The Ghost Road chpt 9

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  • The Ghost Road Chpt 9
    • 3rd person narrative
    • The train journey to war is poetic and symbolises the idea of France
    • Pg 138 Prior is detached from the soldiers who are comfortable with each other
    • Use of colloquial language - gives a sense of what class most soldiers were
    • Pg 139 “ They were not his, or anybody’s, men, just an anonymous draft that he’d shepherded a stage further to their destination” Destination - foreshadows death. Sheep going to be slaughtered
    • Pg 139 “directing units to their billets” soldiers lodged in civilian homes
    • Pg 140 “The night, the silent guide, the effort of not slipping on broken pavements, sharpened his senses” - Blackouts foreshadows their death - internal darkness
    • Pg 140  “he was startled by the intensity of his joy” Billy’s enjoy’s war, equalises people, he enjoys the atmosphere because of his fears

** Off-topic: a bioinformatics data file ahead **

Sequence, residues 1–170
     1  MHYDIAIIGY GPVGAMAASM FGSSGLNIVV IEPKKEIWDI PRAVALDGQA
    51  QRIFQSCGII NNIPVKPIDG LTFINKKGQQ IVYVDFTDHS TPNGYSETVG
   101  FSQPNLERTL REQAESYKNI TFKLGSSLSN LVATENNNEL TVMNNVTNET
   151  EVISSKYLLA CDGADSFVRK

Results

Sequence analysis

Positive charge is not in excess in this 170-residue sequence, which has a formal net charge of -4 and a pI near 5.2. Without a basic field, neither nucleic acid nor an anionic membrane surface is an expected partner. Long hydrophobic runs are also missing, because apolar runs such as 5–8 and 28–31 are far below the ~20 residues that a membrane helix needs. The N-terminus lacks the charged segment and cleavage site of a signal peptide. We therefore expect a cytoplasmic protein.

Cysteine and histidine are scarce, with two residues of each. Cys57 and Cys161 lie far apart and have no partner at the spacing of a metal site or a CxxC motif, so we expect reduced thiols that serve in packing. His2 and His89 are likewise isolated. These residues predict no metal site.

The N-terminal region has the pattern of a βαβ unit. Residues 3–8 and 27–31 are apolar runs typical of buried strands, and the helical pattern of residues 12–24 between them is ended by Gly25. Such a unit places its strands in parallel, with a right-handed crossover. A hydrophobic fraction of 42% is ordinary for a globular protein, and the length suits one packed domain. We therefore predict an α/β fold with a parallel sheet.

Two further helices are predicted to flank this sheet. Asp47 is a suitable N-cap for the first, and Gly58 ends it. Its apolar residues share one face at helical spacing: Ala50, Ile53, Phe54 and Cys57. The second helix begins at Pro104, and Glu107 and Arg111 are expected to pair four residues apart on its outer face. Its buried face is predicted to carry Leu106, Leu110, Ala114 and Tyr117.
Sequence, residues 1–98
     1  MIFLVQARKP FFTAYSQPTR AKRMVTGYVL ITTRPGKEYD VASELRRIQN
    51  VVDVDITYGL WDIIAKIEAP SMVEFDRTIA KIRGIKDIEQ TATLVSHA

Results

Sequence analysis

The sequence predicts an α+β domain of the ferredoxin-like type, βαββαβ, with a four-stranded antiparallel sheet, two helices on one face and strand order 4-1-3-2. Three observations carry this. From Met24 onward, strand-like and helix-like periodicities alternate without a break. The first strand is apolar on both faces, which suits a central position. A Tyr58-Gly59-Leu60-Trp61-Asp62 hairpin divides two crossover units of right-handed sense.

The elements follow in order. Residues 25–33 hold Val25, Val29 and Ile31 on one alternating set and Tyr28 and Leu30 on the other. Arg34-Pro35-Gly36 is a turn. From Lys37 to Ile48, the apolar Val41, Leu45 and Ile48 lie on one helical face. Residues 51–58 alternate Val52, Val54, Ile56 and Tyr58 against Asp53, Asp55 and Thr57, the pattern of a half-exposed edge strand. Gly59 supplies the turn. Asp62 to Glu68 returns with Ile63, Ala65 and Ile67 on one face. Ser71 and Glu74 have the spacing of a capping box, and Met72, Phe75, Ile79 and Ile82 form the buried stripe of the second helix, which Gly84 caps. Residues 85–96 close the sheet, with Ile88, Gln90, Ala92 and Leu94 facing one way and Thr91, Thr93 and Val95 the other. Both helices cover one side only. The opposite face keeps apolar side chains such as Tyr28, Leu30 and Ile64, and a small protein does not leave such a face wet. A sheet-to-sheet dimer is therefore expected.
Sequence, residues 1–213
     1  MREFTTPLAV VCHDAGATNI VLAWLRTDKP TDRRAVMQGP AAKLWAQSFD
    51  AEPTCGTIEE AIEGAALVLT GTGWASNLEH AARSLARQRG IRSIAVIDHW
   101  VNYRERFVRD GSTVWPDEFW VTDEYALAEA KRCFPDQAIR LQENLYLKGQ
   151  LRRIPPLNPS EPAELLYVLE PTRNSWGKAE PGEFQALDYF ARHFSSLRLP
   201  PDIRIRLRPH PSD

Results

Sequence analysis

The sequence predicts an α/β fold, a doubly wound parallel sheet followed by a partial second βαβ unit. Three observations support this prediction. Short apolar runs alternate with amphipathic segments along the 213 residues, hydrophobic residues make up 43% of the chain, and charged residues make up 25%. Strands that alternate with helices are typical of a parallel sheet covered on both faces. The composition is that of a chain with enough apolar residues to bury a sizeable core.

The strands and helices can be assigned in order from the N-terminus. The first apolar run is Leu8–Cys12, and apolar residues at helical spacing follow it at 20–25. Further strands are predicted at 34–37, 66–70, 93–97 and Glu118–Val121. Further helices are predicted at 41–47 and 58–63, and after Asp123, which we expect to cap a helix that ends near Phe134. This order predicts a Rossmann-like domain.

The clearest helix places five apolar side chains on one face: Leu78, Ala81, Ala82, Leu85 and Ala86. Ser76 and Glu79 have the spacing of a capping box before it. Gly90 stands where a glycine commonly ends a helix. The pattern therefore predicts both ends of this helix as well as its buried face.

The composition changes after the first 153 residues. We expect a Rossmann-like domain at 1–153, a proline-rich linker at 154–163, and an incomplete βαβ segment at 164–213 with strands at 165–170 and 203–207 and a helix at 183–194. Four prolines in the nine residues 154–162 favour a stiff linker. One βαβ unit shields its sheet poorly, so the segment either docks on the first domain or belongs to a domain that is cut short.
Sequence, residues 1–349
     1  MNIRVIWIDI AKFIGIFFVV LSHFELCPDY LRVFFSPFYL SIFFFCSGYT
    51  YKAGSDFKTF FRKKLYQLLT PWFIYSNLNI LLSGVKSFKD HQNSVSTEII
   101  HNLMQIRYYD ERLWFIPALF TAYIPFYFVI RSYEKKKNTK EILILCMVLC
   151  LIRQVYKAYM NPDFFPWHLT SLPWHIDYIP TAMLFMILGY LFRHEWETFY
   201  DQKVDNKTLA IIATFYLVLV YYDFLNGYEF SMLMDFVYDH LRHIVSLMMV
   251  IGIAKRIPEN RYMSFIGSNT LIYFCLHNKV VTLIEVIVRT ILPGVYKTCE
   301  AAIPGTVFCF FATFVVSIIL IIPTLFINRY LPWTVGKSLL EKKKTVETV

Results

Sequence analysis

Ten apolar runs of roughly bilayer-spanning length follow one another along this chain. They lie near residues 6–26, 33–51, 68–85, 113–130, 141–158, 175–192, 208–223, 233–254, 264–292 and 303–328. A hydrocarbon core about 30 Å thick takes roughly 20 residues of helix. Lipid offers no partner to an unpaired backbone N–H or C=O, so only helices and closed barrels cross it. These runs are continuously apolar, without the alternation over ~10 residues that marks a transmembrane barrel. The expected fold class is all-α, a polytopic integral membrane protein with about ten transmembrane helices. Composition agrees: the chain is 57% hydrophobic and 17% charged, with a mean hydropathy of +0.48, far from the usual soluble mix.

• Pg 141 “to a green jungle of garden, sun-baked, humming with insects, the once formal flower-beds transformed into brambly tunnels” Juxtaposes war
    • Pg  143 “created a fragile civilisation, a fellowship on the brink of disaster” foreshadows the end of the novel
    • Pg 143 “Owen was playing with the fallen petals of roses he’d picked that afternoon. Pink, yellow, white roses, but no red roses” Delicate for war - Youth, broken petals metaphor for broken soldiers, the flowers juxtapose war with their colours
    • “We are fighting” repetition emphasis this unity reflected by propaganda
    • Pg 145 “the house bleeding quietly from its unstaunchable wound”  personifies the house
    • Pg 146 “The war, fought and refought over strips of muddy earth, paradoxically gave them the freedom of animals to pass from territory to territory unobserved” Animalistic freedom, soldiers are animals
    • Pg 147 “a clock begun to tick” theme of time, metaphor for life running out
    • Pg 148 “That could be me, in a few days or weeks” Prior is waiting for an injury or death
    • Pg 149 “Owen started to laugh, and I joined in, and neither of us could stop” Links to mental health, laughter is rare in war


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